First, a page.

Witt: Thoughtful examination of Second Amendment overdue
Published 10:17 am Tuesday, March 27, 2018
The Second Amendment. It has been mentioned almost interminably lately, as it always is following each disastrous mass shooting in this country.
There are far too many people who believe modification of that Amendment will signal the rise of a dictatorial government intent on taking guns from every American.
In 2016, it was estimated there were 300 million guns in America, a number almost equal to the total population of the country, and 3 percent of Americans owned half of those.
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The idea the government will ever be able to confiscate that many guns from as many as 79 million households is, on its face, completely ludicrous.
Of course, the types of guns available to the private citizen today is an issue which bears discussion, as more and more of those guns become more and more lethal.
The Second Amendment reads, in its entirety: “A well regulated militia, being necessary to the security of a free state, the right of the people to keep and bear arms, shall not be infringed.”
One might reasonably ask: How many gun owners are registered members of a militia, a militia regulated and devoted to the security of their state?
But the NRA and originalists would have everyone ignore the first four words of the amendment, and that is what is guiding current decisions about the rights of gun owners.
Michael Waldman, NYU law professor and author of “The Second Amendment: A Biography,” examines the origination and evolution of the Second Amendment.
Following Reconstruction, the Supreme Court held on four occasions, up to 1939, that the Amendment did not bestow a right to individual gun ownership. After that, things began to change as the courts’ positions shifted.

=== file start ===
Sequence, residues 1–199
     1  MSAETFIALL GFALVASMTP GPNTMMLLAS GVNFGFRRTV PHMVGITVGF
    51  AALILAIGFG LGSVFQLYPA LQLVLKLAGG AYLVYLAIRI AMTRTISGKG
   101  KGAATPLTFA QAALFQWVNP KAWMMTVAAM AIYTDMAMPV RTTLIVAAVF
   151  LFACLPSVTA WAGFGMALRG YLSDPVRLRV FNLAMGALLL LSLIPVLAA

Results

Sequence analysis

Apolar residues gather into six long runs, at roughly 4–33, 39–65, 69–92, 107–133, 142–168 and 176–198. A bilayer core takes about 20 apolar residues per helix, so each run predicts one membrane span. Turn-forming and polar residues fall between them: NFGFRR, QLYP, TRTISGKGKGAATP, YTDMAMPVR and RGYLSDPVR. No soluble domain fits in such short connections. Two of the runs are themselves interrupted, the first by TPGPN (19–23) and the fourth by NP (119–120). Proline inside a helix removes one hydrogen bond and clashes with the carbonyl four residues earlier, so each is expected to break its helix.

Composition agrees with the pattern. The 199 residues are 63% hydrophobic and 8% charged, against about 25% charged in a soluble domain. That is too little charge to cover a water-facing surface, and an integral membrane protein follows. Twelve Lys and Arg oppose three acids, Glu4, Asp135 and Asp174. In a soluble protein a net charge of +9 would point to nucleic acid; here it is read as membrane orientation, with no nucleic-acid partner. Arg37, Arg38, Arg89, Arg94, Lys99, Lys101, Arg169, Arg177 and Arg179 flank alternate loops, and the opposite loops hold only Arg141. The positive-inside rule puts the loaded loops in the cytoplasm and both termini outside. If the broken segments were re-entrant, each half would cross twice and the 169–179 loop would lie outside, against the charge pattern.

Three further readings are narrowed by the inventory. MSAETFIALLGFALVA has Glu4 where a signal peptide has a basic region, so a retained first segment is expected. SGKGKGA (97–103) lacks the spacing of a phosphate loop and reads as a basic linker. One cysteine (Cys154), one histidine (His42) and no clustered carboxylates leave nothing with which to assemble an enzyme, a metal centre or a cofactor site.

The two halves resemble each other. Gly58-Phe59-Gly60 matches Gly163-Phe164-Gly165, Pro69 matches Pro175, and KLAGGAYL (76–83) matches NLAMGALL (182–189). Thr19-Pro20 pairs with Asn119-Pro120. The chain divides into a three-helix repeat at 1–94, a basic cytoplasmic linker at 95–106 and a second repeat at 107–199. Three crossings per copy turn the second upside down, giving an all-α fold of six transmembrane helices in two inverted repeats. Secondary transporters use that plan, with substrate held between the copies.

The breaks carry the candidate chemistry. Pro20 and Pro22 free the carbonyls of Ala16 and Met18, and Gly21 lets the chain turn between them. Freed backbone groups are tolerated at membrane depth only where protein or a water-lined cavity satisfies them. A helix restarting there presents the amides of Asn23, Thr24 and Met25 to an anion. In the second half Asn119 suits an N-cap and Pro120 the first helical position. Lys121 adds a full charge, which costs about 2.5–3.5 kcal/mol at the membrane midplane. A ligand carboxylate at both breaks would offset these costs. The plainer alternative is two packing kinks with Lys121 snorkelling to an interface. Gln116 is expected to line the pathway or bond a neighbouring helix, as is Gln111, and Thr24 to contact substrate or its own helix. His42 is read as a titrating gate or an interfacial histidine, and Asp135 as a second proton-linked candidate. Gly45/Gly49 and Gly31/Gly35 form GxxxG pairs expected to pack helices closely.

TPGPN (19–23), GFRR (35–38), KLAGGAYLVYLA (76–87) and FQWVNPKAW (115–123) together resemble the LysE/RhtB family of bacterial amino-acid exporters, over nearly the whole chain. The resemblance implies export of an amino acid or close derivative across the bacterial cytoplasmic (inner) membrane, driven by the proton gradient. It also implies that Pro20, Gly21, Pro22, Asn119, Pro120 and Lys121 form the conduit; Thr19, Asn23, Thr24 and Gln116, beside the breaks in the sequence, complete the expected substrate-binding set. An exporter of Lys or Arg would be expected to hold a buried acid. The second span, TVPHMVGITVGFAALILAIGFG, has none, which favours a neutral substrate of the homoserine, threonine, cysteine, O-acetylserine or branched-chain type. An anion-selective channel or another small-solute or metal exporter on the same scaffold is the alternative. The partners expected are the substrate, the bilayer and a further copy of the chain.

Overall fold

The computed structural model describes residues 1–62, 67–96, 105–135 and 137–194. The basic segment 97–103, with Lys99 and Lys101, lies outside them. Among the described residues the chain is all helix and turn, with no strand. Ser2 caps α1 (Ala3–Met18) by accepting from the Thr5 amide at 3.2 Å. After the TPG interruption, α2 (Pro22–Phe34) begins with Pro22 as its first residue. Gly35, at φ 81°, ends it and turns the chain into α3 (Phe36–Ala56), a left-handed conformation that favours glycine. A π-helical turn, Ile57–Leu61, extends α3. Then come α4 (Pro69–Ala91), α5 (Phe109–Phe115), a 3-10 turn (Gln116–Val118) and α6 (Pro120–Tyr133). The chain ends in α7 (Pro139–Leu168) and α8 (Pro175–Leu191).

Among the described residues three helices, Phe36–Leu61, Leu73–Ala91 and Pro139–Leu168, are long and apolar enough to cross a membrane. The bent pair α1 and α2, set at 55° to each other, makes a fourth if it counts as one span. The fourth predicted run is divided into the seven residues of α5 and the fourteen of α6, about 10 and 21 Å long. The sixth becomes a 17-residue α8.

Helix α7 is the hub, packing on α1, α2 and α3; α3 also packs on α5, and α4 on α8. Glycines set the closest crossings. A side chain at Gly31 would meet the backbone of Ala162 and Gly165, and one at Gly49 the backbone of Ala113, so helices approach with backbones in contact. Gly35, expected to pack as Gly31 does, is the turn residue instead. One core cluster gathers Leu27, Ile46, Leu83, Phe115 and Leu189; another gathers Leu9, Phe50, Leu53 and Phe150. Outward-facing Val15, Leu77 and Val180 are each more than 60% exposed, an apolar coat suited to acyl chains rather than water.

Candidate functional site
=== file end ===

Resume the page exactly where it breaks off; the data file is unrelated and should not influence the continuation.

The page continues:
Supreme Court Justice Brennan responded to the originalism claim that only what the Framers thought should be considered in ruling on Constitutional issues.
Justice Brennan said, “Those who would restrict claims of right to the values of 1789 specifically articulated in the Constitution turn a blind eye to social progress and eschew adaptation of overarching principles to changes in social circumstances.”
He stated further, “For the genius of the Constitution rests not in any static meaning it might have had in a world that is dead and gone, but in the adaptability of its great principles to cope with current problems and current needs.”
In other words — as related to the Second Amendment — the guns available in 1789 are not the same as those available today, and this should be taken into consideration.
Waldman, in his concluding chapter, states, “A living Constitution does not discard the spirit of the document, but seeks to apply its timeless principles to modern challenges that could not have been imagined by the Framers or their contemporaries.”
There are currently 27 amendments to the original Constitution. These amendments have come about because the exigencies of the time in which they were adopted demanded them. And these 27 amendments amply demonstrate that times change, social mores change, requirements for an orderly society change.
Perhaps the greatest beauty of our founding document is that it can be adapted without destroying the basic tenets on which it was originally promulgated.
It is time for a careful and thoughtful examination of the Second Amendment, and to find a way to guarantee all rights to citizens, including the right to life, liberty and the pursuit of happiness.
The monthly meeting of Meeting of Minds at the Clark County Library convenes at 6:30 p.m. today. The topic will be the Second Amendment. All interested persons are invited to attend.
Chuck Witt is a retired architect and a lifelong resident of Winchester. He can be reached at firstname.lastname@example.org.